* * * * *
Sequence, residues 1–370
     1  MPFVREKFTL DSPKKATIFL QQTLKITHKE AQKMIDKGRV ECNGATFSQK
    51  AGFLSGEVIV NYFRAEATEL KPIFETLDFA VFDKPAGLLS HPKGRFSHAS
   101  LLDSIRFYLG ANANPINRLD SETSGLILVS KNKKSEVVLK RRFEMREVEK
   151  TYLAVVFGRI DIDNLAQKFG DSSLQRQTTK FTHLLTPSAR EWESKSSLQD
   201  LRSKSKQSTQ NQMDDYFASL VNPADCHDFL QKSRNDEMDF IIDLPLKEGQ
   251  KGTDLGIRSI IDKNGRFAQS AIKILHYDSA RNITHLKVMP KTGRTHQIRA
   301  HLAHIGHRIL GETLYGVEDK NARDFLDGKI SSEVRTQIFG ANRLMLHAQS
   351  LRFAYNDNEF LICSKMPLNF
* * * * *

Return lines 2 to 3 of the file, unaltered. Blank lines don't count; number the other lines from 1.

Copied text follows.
     1  MPFVREKFTL DSPKKATIFL QQTLKITHKE AQKMIDKGRV ECNGATFSQK
    51  AGFLSGEVIV NYFRAEATEL KPIFETLDFA VFDKPAGLLS HPKGRFSHAS